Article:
The American people have given up responsibility and any real vision of democracy. My own family are a good example. I love them and they are “good” people but they are terrible citizens and excellent consumers. Do they know anything about the oil that they pump into their SUV or full size pick-up trucks? No. What about the oil that forms the base of all the plastic shit they buy at Target, Walmart, and the Dollar General? No. They are fantastically ignorant of the planet’s oil reserves as well as who currently supplies them the fix that they need. Do they connect the dots between their lifestyle and war in Iraq? Sure it’s easy to bitch about Bush but is that an SUV in your driveway?

In my relatively limited experience my fellow citizens have sacrificed citizenship. Instead they identify themselves with the consumer side of the American Dream. Seems to me that there was a major political and cultural shift in this country at the end of World War II. I wasn’t alive when it happened but it seems pretty obvious at this point. The boys came home and the U.S. became a world super power. People got comfortable, they raised families and embraced suburbia. Politics and an engaged, active citizenry became an endangered species. That culture is solidly intact today.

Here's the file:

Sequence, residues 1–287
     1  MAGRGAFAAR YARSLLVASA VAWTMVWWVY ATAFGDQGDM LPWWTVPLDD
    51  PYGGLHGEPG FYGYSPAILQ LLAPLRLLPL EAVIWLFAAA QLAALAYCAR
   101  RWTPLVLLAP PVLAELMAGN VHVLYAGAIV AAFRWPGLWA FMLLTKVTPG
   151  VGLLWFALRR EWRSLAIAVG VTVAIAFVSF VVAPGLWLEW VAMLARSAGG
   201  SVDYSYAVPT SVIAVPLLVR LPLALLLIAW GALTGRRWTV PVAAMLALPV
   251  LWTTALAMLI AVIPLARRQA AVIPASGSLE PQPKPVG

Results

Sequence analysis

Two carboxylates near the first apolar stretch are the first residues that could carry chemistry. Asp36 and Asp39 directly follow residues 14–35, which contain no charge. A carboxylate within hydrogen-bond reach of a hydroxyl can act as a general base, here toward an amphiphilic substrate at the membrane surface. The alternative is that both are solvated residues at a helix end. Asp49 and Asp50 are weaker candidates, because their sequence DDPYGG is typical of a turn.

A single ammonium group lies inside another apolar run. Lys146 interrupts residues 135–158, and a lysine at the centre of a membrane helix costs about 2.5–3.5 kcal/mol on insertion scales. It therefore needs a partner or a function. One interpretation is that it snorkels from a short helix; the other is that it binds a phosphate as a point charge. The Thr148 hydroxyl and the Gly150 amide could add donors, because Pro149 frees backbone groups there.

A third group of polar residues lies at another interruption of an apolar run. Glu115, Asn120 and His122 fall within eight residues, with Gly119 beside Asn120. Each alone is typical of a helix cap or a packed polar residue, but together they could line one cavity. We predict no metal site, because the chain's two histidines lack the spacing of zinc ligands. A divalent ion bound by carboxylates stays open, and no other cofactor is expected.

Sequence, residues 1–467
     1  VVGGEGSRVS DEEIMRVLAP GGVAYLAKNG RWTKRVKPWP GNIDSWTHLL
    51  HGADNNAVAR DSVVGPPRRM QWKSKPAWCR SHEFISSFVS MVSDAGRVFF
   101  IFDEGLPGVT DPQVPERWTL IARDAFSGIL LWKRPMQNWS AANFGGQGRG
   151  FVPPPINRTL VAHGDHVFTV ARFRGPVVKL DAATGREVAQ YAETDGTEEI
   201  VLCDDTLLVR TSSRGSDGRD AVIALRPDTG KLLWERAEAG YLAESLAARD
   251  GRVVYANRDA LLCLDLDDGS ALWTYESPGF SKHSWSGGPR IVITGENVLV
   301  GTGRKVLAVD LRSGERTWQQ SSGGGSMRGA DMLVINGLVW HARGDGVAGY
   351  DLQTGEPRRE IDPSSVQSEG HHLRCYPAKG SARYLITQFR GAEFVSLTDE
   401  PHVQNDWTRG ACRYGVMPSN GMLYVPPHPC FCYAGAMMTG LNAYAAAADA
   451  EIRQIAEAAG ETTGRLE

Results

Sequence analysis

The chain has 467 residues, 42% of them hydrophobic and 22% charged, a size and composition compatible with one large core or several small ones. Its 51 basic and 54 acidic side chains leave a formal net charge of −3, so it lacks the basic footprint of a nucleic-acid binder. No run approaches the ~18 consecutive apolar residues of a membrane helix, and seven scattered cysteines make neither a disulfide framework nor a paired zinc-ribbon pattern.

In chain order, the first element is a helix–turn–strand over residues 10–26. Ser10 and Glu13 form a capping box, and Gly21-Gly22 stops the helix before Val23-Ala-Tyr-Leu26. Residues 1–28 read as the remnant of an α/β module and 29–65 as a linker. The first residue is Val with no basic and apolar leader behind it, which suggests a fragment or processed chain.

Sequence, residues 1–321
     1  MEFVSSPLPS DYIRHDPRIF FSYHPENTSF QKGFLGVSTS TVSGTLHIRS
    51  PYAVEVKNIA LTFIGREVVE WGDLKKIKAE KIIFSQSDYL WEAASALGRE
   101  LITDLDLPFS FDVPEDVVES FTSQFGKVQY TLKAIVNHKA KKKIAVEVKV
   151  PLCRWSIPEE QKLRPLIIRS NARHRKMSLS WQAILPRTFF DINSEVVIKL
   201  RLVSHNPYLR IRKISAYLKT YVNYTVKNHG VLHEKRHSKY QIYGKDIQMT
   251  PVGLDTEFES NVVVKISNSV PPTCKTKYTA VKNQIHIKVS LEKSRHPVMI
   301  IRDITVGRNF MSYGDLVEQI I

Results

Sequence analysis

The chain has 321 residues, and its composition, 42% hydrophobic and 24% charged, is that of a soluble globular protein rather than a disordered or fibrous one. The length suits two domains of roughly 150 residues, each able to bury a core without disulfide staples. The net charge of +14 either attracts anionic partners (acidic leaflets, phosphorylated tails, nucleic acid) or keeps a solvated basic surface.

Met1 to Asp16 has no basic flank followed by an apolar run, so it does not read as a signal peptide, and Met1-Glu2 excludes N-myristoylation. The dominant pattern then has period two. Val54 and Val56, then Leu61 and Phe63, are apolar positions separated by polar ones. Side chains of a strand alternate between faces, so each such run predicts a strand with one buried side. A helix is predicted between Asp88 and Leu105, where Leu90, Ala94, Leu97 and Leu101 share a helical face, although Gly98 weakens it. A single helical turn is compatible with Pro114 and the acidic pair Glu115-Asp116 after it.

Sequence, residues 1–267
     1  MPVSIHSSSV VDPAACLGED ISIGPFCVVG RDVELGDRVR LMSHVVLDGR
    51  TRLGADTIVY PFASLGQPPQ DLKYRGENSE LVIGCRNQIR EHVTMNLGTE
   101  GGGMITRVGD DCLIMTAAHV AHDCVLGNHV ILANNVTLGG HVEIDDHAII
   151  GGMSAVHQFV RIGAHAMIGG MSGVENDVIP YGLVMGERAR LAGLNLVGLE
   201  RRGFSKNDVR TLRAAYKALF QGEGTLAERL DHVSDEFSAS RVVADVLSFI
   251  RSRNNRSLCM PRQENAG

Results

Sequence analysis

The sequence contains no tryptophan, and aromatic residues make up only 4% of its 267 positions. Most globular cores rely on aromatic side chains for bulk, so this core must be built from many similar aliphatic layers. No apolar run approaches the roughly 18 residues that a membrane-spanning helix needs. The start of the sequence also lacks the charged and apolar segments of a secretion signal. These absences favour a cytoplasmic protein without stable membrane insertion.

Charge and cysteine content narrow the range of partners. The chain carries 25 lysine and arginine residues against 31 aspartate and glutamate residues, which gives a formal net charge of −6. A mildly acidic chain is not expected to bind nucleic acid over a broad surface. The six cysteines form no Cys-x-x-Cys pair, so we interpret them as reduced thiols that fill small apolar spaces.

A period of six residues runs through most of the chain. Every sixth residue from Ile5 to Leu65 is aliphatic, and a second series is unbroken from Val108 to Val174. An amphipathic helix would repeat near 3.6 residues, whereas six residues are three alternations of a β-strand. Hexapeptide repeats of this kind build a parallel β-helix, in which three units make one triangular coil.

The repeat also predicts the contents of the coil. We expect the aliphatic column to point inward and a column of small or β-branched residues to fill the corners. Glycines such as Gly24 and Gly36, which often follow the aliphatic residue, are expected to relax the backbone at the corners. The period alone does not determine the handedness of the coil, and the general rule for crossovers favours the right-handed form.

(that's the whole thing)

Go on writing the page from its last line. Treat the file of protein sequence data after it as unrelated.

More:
I think this culture and this country are at the beginning of a huge fall that will come in many different forms. The chickens have come home to roost and folks, we have nothing to cry about. We did this to ourselves. As an anarchist, I welcome the mess America has gotten itself into because it seems more evident with each passing day that this empire is about to crumble and with it global capitalism. As George would say, Bring it on.